When she grew old,  even though the woman had grown to appreciate her name and to cherish it’s uniqueness – correcting or ignoring, depending on her mood – and even though she’d spent innumerable hours alone in her room reading and writing, learning and  healing her broken bits (you know the ones.  The ones that make you feel unwanted and unimportant), she still found herself making that certain magic at times.

It happened every time the barista asked for a name to write on the paper cup.  It happened when the saleswoman asked her name, to make her shopping experience more personal…more special…maybe even so she could write it on the dressing room door.

It happened every time she placed a fast food order, created a user name, or was in some situation where it was just easier to be someone else.  To be more common.  To be more like others.

She told them, “Jane”.

Still Here, Still Standing

14557_1308787279173_1215328008_30948435_7422599_nSome days I hardly recognize myself.

It’s not just when I look into the mirror and see some bald chick looking back at me.

Or that I spend an inordinate amount of time laying around and watching TV  because I don’t have the energy for much else, or may be experiencing a low grade depression.

It’s not my preoccupation with what’s going on with my body, or what’s going into my body, or what’s coming out of my body (yeah…maybe a little TMI there…sorry.)

It’s not even that my world has become so very small, cloistered as I am for the most part within the confines of my home.

No.

It’s that so many of the ways in which I identified Who I Am seem to be falling away, like it’s all up for grabs right now.  Everything from my employment to my appearance to my activities to my health.  Seriously, all of it.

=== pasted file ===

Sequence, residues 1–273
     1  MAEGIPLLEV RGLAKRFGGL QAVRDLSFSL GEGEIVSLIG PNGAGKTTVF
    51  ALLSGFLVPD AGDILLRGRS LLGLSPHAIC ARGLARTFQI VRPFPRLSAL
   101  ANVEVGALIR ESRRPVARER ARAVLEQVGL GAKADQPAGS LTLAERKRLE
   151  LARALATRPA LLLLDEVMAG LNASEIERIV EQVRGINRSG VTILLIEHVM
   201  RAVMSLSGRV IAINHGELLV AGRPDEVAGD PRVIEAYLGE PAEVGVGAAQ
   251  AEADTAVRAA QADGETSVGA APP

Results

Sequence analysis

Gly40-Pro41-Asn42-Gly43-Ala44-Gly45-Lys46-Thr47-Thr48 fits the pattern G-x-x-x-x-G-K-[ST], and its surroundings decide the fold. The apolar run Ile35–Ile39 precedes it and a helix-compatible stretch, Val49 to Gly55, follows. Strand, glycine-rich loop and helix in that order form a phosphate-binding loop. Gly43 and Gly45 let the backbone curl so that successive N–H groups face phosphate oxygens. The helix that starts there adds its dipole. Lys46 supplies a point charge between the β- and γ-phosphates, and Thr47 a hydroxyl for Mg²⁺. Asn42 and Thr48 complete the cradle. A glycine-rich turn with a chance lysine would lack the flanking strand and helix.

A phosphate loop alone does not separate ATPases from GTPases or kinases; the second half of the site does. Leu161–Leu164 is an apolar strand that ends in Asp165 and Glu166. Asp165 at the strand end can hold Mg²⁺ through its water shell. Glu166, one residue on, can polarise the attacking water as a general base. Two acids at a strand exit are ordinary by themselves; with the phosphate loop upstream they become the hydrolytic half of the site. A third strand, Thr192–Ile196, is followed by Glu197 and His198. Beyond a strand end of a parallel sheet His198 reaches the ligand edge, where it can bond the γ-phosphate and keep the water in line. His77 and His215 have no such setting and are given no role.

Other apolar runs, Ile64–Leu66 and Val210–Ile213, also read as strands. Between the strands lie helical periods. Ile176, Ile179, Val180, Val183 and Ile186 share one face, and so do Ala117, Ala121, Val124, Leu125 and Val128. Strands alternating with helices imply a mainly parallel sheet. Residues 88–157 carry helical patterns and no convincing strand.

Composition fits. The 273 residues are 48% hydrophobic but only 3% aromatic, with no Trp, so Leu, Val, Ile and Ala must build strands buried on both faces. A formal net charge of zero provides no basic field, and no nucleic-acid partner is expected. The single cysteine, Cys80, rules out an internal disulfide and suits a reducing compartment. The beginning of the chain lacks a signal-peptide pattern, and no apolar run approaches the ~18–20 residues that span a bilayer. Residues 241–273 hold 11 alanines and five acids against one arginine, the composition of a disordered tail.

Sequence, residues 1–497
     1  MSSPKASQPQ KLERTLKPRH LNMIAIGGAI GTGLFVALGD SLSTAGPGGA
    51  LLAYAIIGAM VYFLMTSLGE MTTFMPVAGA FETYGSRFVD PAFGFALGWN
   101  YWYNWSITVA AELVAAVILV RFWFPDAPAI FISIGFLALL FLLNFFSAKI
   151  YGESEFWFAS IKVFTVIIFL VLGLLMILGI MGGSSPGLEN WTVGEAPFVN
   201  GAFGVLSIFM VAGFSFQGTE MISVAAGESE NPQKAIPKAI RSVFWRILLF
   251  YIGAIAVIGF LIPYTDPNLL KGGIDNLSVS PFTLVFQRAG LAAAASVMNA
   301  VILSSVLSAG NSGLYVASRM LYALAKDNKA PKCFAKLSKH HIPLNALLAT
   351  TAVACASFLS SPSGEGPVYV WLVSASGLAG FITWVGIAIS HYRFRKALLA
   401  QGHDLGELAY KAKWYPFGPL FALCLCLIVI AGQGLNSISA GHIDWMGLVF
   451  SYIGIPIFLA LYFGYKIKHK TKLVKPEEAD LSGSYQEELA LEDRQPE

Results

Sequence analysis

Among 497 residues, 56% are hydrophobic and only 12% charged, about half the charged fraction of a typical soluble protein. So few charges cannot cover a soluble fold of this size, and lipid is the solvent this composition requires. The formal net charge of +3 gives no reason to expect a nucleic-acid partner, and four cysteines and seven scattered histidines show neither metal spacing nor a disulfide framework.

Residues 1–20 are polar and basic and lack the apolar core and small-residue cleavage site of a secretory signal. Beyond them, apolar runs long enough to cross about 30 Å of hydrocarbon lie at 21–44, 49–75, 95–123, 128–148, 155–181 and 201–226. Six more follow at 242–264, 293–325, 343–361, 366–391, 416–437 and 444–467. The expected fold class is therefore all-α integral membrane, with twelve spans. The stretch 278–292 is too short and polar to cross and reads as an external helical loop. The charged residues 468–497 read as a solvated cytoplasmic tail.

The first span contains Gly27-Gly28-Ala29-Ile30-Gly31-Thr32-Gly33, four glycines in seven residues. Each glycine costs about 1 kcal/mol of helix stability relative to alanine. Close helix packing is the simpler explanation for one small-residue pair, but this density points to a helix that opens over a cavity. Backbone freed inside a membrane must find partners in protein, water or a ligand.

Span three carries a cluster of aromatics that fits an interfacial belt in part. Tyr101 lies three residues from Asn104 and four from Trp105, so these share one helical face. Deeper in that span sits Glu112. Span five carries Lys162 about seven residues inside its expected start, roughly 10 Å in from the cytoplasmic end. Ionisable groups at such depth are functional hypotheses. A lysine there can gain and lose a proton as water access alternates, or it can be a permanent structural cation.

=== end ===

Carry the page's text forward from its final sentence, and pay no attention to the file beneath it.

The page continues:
And I’m learning to be OK with that, in a very “Shit, are you kidding me right now??” sort of way.

My biggest challenge is to feel safe while going through this disintegration phase. It’s kinda tricky.  A lot tricky, actually.  It’s forcing my roots to shoot deep deep deep into my foundational beliefs.  To actually question what is is I believe in – Who I believe in – and why.  Because right now, these beliefs are my grounding.

I love trees.  I’m a tree hugger from way back, and I’ve always related more to being a tree than a flower. (I started this blog back in 2007 because of my connection with a tree …you can read about that here.  And wrote again in 2010 about identifying as an Oak tree here.)

Picturing myself as a tree is actually beneficial.  As a tree, I remember to bend with the storms of life so I don’t break.  And if something does break off, it doesn’t mean I’m finished.  Dead leaves and dead wood should fall away.  Pruning is healthy for me.  Hardening off my bark ensures strength to endure.   Deeper roots help me to stand.

And this is good.

ONE DAY WHEN I WAS OLD

by Clarissa Pinkola Estés

I remember one day when I was young,
forty-five years or so old,
I woke up an old woman that morning.
Not quite in body all the way, but close.
And also in mind.
And I thought, “This is good.”
For also, in the face I was changed,
a little bark-chipped and creased,
like a tree long-lived enough
after having been planted so long ago
by some winged bird
accidentally letting fall a semi-sacred seed
into some almost impossible place,
precisely the way most of us came to earth–
unplanned, and yet sticking to the place
where we were dropped,
growing, growing flowers and fruits
set into our DNA–
and this too was good.

I leaned through the window
of my bathroom mirror,
and touched her old, cracked face…
I soothed back her black hair
with fire opals
in its strands of white.

And I saw as I leaned in,
There were permanent diamonds
in her tear ducts,
those gotten from years of use
and pressure in dark places.

And I gazed at the body
she and I share,
and I saw that rubies
had grown into all my cuts
and that tiny mirrors shone
in all my widders and spalls…

and I saw that I was old
and strong
and delicate
and fierce, like a queen
who has ruled the lands within her reach,
not perfectly, but despite brutal winters,
she was still alive,
the heartwood hardened off just enough,
the tender capillaries still able to carry
the juice and the warmth.

And then, twenty-some years later,
I crossed the crone line,
wearing the tissue-paper crown
with the sacred words “Still here,
still standing…”
engraved upon it.
These words of triumph for all of us elders,